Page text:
Although geographically structured mitochondrial DNA (mtDNA) trees often present straightforward evidence for independently evolving lineages, unstructured mtDNA trees are often interpreted as inconclusive or even misleading inferences of phylogeographic history. Some authors believe that stochastic coalescent processes or natural selection can result in mtDNA-based gene trees that fail to capture existing geographic structure. In this study, we sequenced four introns and one exon to test a published mtDNA tree that showed a lack of phylogeographic structure in the Common Sandpiper (Actitis hypoleucos). Neither individual nuclear gene trees nor analyses based on the five genes combined showed geographic structure in this widespread Palearctic wader. Multilocus neutrality tests suggested that the unstructured mtDNA tree was not biased by natural selection although the variation pattern at the exon, Mc1r, was not neutral. Coalescence-based analyses showed that this species experienced a recent population expansion, which could explain the lack of population structure. Overall, the mtDNA results were consistent with those based on nuclear loci in suggesting a lack of strong population structure and a recent population increase. However, multiple genes are needed to quantify demographic history such as timing and extent of effective population size change.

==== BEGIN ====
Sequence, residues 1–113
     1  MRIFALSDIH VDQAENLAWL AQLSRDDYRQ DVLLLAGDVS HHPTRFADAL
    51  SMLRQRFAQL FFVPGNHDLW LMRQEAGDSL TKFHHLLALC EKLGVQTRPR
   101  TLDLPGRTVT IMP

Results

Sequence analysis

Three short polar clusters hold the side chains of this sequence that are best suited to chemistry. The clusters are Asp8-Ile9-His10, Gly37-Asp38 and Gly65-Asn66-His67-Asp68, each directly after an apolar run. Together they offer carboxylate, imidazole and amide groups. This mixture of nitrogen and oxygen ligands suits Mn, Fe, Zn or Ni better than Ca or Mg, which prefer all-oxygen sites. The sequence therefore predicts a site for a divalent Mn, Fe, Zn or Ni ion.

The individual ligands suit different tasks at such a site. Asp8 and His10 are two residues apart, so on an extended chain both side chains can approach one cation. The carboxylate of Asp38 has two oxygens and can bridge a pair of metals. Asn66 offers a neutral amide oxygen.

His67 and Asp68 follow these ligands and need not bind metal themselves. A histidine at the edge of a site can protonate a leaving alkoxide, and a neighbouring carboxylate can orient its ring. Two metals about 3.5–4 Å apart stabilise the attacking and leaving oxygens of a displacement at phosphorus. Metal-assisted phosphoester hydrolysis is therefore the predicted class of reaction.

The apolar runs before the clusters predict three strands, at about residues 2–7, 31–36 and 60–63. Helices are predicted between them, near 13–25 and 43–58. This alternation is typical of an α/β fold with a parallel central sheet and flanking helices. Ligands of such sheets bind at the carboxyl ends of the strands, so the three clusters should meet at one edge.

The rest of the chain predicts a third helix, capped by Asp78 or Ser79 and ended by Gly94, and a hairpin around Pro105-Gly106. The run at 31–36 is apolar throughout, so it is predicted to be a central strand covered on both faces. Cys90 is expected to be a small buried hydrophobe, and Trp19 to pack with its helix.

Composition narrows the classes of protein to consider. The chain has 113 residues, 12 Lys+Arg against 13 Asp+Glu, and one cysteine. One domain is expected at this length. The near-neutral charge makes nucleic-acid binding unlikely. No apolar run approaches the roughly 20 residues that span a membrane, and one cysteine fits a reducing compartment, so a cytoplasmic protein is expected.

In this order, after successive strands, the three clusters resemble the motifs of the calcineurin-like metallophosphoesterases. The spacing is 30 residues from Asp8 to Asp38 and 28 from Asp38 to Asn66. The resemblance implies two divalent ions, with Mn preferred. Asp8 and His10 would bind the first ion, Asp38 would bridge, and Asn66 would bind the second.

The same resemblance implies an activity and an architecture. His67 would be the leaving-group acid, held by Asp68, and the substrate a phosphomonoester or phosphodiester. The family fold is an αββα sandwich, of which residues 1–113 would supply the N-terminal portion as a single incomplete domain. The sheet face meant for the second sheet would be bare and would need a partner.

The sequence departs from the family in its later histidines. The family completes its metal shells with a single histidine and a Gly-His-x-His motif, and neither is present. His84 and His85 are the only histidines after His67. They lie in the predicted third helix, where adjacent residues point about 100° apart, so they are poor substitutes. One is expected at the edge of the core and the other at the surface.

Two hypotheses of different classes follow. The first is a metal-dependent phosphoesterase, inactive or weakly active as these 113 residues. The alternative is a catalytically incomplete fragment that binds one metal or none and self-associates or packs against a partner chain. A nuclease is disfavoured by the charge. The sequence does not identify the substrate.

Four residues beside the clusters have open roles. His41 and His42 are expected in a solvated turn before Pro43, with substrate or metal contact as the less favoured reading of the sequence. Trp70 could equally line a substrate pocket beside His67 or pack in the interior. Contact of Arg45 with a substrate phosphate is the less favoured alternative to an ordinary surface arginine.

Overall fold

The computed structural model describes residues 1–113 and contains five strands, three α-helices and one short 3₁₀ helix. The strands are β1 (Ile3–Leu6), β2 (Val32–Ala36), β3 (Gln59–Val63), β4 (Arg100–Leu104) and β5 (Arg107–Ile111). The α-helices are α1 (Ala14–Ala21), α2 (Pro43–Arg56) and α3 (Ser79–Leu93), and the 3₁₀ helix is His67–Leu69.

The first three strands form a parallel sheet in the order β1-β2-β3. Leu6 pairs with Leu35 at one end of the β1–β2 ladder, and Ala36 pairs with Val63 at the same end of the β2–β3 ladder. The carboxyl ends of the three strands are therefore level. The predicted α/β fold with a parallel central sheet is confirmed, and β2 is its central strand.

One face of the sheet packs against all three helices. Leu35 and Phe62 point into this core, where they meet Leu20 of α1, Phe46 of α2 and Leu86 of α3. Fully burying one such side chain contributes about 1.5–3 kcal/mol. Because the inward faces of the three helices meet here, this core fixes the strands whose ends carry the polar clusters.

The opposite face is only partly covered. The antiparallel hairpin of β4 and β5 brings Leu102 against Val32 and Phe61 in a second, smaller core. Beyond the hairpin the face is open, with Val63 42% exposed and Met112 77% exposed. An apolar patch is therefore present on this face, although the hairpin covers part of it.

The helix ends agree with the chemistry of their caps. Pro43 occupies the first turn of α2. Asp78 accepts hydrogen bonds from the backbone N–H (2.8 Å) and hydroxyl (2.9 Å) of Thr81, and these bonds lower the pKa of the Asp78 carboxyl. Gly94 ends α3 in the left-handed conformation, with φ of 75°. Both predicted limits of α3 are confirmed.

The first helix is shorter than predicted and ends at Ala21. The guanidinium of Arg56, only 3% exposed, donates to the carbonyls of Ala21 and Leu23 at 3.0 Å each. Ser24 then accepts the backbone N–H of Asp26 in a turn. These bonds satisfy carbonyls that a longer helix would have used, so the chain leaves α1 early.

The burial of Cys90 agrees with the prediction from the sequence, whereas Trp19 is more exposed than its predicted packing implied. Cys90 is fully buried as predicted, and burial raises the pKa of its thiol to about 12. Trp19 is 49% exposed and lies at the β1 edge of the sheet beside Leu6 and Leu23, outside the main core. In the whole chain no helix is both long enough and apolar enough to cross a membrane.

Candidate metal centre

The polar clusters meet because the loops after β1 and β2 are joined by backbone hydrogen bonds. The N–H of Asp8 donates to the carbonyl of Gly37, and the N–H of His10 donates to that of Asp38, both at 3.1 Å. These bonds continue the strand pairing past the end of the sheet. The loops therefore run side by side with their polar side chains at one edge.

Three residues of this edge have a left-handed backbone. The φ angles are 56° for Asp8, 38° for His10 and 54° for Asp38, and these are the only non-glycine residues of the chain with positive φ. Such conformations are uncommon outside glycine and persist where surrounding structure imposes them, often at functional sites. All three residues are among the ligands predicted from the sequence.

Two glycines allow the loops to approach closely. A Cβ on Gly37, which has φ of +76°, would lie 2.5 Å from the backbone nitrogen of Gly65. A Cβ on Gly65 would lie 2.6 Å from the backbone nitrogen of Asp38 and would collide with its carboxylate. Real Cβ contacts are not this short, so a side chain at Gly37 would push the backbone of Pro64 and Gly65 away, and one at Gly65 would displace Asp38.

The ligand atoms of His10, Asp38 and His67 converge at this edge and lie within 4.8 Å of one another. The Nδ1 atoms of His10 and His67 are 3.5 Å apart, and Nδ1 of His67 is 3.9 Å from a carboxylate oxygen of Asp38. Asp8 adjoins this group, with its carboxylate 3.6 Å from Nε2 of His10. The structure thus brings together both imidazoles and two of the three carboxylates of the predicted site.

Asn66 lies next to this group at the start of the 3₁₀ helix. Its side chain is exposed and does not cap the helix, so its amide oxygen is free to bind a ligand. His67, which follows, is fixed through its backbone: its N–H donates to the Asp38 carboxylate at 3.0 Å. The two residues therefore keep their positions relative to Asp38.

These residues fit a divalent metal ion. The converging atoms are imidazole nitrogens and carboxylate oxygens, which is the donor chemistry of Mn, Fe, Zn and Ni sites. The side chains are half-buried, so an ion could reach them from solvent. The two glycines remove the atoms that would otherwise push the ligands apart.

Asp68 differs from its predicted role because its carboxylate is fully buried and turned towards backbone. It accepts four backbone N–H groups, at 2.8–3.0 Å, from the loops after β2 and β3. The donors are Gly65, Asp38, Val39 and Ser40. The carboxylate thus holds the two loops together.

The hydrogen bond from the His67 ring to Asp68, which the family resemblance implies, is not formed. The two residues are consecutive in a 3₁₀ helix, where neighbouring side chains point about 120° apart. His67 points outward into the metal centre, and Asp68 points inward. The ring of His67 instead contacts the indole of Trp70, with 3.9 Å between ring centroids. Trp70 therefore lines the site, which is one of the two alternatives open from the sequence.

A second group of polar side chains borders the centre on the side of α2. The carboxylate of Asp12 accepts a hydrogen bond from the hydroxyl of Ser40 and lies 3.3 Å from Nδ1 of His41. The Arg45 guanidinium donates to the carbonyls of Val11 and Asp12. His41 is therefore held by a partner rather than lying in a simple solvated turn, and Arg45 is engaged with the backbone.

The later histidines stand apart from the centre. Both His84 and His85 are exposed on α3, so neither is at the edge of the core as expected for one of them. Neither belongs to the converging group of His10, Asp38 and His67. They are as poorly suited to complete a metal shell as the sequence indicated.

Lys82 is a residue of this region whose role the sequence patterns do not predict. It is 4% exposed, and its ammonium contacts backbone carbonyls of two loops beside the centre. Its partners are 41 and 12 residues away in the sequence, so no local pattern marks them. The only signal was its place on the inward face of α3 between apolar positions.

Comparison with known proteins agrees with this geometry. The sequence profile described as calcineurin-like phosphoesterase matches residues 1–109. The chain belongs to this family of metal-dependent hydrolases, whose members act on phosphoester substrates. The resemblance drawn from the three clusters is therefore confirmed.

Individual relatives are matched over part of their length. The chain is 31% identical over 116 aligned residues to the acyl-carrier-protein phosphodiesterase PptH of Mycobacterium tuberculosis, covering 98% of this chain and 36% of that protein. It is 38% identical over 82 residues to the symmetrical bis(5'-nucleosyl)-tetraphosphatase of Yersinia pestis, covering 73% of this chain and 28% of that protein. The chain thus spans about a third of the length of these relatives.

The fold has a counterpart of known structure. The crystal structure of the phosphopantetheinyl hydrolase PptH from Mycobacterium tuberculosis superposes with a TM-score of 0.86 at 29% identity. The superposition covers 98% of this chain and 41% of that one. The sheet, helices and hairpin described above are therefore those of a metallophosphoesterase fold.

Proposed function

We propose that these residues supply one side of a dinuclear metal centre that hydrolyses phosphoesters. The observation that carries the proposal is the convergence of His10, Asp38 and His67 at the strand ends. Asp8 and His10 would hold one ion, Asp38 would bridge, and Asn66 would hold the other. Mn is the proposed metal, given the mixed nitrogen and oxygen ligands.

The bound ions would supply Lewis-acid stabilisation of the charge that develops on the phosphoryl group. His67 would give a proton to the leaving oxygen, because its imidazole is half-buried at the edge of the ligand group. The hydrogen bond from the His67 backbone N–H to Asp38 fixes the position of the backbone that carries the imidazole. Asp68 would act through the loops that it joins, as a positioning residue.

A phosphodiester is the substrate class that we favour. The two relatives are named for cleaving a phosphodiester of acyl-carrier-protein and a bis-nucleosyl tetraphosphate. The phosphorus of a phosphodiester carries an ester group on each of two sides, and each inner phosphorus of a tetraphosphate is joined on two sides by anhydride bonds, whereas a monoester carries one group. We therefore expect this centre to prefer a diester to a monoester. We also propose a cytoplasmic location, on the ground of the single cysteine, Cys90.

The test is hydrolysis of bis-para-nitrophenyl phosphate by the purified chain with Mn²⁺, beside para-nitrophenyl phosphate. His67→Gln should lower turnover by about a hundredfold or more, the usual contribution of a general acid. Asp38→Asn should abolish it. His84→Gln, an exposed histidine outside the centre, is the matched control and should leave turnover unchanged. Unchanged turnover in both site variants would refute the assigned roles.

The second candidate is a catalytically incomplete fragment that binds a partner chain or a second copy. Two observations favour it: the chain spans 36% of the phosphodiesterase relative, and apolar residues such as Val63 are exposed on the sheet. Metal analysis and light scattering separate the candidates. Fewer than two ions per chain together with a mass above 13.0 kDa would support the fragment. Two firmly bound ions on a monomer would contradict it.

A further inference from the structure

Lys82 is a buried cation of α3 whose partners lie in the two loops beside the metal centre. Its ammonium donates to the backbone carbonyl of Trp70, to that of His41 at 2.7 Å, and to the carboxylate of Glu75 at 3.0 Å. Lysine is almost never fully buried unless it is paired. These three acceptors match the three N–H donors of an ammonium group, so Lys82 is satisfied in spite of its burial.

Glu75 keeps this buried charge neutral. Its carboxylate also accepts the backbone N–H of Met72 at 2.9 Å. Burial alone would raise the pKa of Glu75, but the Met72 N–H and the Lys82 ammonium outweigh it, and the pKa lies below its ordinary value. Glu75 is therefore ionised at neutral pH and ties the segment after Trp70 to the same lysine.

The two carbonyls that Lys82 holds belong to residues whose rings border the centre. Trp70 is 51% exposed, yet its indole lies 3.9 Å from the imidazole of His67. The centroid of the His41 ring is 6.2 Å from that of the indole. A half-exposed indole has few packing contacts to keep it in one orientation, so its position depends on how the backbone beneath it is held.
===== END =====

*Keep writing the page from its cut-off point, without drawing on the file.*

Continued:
- Common Sandpiper
- Nuclear gene